Valve Amps

Discussion in 'Amps, Mics & Pickups [DB]' started by Bopper, Oct 22, 2002.

  1. Bopper


    Oct 22, 2002
    Brighton, UK
    Does anyone know what the Fender Bassman 5F6A sounds like when used with a Double Bass?

    Or has anyone used a Vintage Bass Amp that gave a good bass sound.

    I currently use a Peavey MK1V 400w + BX115BW
    also sideman Para EQ (kills the feedback problems)
    Shadow Bridge Transducers.
    problem is that when I crank it up, the bass sound has too much mid+Treble

    Playing in an original style Rockabilly band a valve amp would be a very nice touch.

    Any help most welcome

  2. I have played my Kay through my early 70's Plush tube head and a Fender 15. Definately pretty cool for Blues or Rockabilly, but it would suck for jazz. There is a guy I've seen playing around the Twin Cities in Blues\Jump bands that plays upright through an old Ampeg. These types of amps certainly don't offer a real acoustic tone, but it's cool for the right style I think.
  3. mje


    Aug 1, 2002
    Southeast Michigan
    Tube guitar amps have a VERY non-linear respons with tons of second harmonic distortion. Great for crunch and tone, bad for fidelity. For upright you want hi-fi reproduction if you want the bass to sound like a bass. Tube amps are certainly capable of that- it's just that there aren't any tube amps in the music instrument amplification world designed for that linear, undistorted reproduction. Even most solid state bass amps are far from linear.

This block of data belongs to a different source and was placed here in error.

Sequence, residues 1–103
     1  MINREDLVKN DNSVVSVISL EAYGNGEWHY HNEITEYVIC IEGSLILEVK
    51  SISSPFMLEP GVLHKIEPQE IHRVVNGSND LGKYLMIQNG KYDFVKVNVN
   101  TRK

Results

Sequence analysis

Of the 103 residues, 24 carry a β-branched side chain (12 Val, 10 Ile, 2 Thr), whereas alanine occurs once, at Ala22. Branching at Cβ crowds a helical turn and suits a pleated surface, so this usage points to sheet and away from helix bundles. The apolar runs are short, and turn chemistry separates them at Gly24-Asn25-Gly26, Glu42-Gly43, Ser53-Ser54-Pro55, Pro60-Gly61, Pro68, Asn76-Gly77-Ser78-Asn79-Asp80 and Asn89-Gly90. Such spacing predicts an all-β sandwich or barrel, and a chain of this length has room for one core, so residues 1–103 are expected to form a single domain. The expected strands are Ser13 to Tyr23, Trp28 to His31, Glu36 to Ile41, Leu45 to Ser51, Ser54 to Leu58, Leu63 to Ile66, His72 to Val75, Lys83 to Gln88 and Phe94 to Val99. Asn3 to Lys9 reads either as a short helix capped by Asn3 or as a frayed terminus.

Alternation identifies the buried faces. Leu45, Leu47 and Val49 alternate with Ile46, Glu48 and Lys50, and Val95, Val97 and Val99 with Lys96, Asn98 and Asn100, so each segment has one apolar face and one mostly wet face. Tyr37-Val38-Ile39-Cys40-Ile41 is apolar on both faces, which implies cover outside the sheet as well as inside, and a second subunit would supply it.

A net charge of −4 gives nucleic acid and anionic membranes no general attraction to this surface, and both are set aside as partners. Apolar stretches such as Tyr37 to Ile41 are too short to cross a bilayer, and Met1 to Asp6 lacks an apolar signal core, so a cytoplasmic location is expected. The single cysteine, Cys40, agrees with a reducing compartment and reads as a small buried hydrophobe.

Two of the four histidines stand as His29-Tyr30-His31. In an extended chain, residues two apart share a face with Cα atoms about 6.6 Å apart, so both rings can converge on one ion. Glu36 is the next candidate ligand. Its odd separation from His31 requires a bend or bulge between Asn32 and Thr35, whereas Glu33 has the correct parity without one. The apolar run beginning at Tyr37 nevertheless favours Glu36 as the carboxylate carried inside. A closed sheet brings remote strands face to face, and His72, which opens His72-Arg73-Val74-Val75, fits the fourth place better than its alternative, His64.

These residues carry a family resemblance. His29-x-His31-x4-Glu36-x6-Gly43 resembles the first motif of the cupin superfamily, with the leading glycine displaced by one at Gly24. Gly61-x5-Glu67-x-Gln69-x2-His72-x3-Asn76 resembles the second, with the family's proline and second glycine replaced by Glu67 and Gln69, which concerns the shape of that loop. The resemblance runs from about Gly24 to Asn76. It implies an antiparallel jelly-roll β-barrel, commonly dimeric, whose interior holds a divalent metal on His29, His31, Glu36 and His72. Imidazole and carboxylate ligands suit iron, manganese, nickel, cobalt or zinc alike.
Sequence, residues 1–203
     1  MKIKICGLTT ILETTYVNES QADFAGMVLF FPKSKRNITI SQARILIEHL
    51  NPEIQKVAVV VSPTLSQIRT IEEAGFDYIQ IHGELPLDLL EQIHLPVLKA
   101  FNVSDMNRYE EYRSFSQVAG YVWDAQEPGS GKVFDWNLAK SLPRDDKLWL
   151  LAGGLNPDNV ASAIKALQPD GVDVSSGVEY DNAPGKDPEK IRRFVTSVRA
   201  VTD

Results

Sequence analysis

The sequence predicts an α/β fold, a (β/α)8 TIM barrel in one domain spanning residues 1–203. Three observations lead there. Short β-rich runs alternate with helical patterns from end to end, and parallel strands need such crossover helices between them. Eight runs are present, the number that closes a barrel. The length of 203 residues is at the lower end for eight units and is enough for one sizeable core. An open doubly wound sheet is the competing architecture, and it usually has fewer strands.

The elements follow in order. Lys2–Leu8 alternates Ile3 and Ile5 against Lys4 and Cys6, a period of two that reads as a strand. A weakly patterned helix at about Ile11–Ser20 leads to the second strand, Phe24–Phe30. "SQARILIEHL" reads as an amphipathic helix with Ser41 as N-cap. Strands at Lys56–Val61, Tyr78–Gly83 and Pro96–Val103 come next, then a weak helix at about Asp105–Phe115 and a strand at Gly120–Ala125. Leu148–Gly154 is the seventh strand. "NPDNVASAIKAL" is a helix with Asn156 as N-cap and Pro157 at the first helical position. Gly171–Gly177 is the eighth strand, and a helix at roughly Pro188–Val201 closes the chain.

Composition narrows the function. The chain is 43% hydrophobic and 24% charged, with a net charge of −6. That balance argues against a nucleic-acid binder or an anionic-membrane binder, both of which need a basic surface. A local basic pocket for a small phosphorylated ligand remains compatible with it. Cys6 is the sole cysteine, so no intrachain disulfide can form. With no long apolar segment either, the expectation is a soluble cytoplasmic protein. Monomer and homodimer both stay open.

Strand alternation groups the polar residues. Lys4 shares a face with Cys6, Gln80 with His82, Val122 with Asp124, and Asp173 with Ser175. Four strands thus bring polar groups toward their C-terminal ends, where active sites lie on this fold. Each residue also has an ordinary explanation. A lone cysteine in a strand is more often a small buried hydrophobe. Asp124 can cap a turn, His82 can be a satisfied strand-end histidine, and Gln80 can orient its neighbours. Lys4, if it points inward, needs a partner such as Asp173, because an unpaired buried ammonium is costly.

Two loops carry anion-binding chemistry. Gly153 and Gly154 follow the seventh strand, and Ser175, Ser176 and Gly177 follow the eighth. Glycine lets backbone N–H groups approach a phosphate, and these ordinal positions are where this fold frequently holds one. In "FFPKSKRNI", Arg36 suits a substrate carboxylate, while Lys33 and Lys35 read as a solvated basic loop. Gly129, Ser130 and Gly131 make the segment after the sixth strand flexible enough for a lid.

4. I've been through a multitude of amps ( I manage a music store), and I've yet to find a tube amp that sounded good for upright. As well as the above poster's comments, they are generally too warm, a feature which is welcome for BG, but not that good for upright.
    Your Shadow pickup is one of the factors in your mid heavy tone. I had one for years, and ditching it was the best thing I've ever done.
  5. Bopper


    Oct 22, 2002
    Brighton, UK
    Cheers guys,
    i may just try another type of pickup or maybe some kind of mic.

    I use a mike in the studio ok
    But have not tried it at a gig

    Thanks again.
  6. I use a Peavey Mk VIII with a Peavey 410 TX cab. To me this sounds much better than using the same amp with a 115 bw cab. Less top end and high mid. This is for a (loud) rockabilly band. I've also tried the MK IV amp and it's very similar, so you may get the same results.

    I tried the 410 TX with the 115 bw. This is better than using the 15" alone but not as good as using two 410 TX cabs.

    As a general observation I've found 10 inch speakers MUCH better with the upright, other than those metal Hartke speakers which are way too bright.

    I've seen guys get good results with the old Fender Bassman 135. Hardly "Vintage" but it looks ok.

  7. mje


    Aug 1, 2002
    Southeast Michigan
    Warmth = harmonic distortion. Thickens up the BG and guitar sound but muddies a clean UB sound. (Guys my age will remember the bands we were in back in the 60s when you ran the vocal mikes through the second guitar amp channel. Those first cheap Bogen PAs were a godsend...)

    If you're playing with a band with a good PA, one of the best options is still to use a microphone and run direct to the PA. If you can get your own monitor mix, all the better.